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Interview: How Two Sisters are Changing the Way Businesses See Gen Z

Ella and Peyton Verhoeven are just any two sisters from Toronto, Ontario. They’re both busy with school, and heavily involved in the arts, that is, when they’re not working together to run their own business. The Verhoeven sisters are passionate and driven to change the way that the corporate world sees Generation Z, with their company ThinkGenZ.

Ella (17) left and Peyton (13) right. (Image via ThinkGenZ)

The Verhoeven sisters talk with Affinity Magazine about their experience as young, female entrepreneurs, and how you can get involved in helping them on their mission.

What is ThinkGenZ?

Ella Verhoeven: ThinkGenZ is a consultancy that helps heighten the awareness about our generation, Generation Z, and provides consumer insights to Canadian companies.

Peyton Verhoeven: Our mission is to provide professional consulting and rich authentic consumer insights to help companies learn and appeal to our fast emerging post-millennial generation.

What inspired you to create a startup?

PV: After discovering that many brands didn’t understand our needs, we decided to launch our own startup.

EV: We realized that a lot of businesses were out of touch. Campaigns would use dated language trying to be hip, it was “cringey”.

What is it like being a young entrepreneur?

EV: It is really powerful being passionate about this. After having a meeting with our first client Oxford Properties [specifically Toronto’s Yorkdale mall], we feel like they really were able to benefit from hearing from us.

PV: It’s quite empowering at such a young age doing such a hard job for profit. I feel like a more confident person, and aware of the workforce. I think my favourite part has been creating the business and the website and the logos, I’ve really enjoyed the creative aspect.

What kind of services do you offer?

PV: We consult clients, prepare consumer insights and do presentations.

EV: Each one is explained on our website. We also do blog posts on relevant information about Gen Z.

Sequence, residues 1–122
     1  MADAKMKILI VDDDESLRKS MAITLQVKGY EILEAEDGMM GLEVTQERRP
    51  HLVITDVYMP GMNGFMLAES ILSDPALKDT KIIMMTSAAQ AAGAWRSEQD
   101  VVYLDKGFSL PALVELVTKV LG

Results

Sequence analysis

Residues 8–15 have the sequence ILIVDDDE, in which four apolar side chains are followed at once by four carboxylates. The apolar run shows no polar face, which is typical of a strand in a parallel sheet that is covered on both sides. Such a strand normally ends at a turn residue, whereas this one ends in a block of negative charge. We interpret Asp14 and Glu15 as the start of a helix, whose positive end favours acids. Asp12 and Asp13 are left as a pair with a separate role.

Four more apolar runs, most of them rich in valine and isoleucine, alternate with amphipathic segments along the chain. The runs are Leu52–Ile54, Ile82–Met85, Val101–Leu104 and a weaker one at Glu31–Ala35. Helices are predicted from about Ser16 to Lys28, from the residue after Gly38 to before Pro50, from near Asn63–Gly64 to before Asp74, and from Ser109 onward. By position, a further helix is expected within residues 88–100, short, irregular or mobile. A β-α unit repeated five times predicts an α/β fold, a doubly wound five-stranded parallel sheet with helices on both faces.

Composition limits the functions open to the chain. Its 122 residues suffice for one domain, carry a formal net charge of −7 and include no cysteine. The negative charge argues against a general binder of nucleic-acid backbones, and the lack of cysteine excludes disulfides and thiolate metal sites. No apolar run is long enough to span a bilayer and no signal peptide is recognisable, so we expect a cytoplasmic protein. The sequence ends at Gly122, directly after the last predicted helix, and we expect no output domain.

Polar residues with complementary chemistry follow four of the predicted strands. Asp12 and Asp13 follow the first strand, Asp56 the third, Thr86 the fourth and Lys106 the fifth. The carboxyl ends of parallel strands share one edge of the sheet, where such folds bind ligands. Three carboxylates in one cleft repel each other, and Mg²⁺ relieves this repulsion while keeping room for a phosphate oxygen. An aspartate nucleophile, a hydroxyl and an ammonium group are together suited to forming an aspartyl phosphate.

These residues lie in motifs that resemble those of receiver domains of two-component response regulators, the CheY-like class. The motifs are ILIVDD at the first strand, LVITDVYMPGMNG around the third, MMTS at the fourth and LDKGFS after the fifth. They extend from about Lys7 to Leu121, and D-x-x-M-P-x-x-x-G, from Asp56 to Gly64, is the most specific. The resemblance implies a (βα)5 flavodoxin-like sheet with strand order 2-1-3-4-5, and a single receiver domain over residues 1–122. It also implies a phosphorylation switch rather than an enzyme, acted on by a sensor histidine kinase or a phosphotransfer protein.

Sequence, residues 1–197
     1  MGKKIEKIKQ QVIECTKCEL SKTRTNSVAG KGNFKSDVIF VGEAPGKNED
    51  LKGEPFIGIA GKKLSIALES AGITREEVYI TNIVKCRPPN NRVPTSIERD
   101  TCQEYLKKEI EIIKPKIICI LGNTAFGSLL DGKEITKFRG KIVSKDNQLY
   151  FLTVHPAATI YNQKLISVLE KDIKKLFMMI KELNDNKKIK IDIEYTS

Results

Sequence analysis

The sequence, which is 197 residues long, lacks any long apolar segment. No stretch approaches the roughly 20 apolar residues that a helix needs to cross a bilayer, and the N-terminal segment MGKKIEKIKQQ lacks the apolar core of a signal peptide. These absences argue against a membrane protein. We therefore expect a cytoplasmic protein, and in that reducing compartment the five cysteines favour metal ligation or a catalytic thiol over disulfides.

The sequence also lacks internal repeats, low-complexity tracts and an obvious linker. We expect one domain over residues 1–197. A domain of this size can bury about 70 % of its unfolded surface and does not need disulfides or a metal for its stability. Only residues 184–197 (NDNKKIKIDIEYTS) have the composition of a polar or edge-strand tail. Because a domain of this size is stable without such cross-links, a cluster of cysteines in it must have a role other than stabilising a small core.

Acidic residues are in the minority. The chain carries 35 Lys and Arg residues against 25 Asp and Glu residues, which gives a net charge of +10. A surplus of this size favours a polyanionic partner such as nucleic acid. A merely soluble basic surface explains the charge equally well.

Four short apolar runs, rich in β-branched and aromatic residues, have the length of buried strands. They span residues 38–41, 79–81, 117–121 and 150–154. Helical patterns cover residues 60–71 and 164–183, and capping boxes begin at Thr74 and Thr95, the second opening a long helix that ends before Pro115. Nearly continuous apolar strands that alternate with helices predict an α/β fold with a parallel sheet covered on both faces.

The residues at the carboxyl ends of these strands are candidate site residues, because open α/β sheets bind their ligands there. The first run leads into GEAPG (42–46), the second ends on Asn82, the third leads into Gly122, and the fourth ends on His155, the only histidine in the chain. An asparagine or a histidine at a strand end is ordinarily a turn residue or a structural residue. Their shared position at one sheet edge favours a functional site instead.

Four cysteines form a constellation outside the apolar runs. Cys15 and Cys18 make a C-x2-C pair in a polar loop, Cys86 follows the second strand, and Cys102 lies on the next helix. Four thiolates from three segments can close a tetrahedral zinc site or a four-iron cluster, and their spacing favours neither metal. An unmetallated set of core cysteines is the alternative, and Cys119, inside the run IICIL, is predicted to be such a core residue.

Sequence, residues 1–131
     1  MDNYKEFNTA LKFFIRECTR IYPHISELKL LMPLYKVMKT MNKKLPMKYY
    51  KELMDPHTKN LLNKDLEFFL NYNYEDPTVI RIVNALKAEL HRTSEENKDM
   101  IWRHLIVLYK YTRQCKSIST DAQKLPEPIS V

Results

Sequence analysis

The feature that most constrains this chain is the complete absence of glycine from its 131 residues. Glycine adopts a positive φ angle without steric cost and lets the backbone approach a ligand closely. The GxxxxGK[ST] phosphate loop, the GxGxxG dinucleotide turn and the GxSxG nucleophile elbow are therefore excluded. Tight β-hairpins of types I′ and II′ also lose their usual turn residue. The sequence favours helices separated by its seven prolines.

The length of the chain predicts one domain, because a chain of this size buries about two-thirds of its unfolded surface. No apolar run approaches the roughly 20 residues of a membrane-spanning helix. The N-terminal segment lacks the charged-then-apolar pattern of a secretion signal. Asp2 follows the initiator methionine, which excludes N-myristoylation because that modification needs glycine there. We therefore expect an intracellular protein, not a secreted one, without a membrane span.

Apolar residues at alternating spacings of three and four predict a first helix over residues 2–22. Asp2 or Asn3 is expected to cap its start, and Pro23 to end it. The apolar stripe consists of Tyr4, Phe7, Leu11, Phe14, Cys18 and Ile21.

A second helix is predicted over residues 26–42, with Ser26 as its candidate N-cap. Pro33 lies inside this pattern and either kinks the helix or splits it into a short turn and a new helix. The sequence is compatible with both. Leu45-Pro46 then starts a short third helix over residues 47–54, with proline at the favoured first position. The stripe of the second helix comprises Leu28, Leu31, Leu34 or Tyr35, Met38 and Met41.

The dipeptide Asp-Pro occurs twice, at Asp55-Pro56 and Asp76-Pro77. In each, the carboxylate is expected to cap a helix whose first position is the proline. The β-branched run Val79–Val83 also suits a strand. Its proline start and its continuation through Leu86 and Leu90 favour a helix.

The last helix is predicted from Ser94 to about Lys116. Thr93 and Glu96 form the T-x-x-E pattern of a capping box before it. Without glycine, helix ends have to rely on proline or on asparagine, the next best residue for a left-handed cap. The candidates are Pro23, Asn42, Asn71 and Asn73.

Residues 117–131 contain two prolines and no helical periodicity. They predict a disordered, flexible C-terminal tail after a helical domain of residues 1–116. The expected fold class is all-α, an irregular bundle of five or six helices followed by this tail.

Tell us about your network of Gen Z’eders, and how other young people can get involved.

EV: I was just about to tell you about that! We regularly poll information from our network of Gen Z’eders, which has now grown to close to two hundred people. It has been a challenge to establish and lead our network though, definitely the hardest part of our journey so far. They are people who we have reached out to help our understanding of Gen Z.

PV: The network is people aged 13-23, generally from the GTA [the Greater Toronto Area], though we are hoping to expand this. We personalize the information and surveys that we give to our network, to help companies understand us better.

What have you done in your most recent initiative?

PV: For Yorkdale, we did polls about gift giving and gift cards, as well as online or in-person shopping.

EV: Those polls, are used in presentations. Polls are better than surveys, for Generation Z.

PV: Because Generation Z has an eight-second attention span. So when we get into doing surveys it is too long, polls give us faster data. We do them mostly on our Instagram.

What are your goals for 2019? Where do you see things going for your business in the future?

EV: Generation Z tops the list of “Big Ideas” by Linkedin and Forbes for 2019. We want to attract as many clients as we can this year. We have a few things up our sleeves, we want to keep generating awareness and building our network of Gen Z’eders.

If you’d like to follow ThinkGenZ and know more about them, the company has two Instagram accounts one specifically made for the network of Gen Z’eders:

Think Gen Z Network

Think Gen Z

If you are interested in joining the network of Gen Z’eders, sign up here.

Featured Image via ThinkGenZ

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Written By

Sarah Abernethy is a seventeen year old writer from Toronto, Canada.

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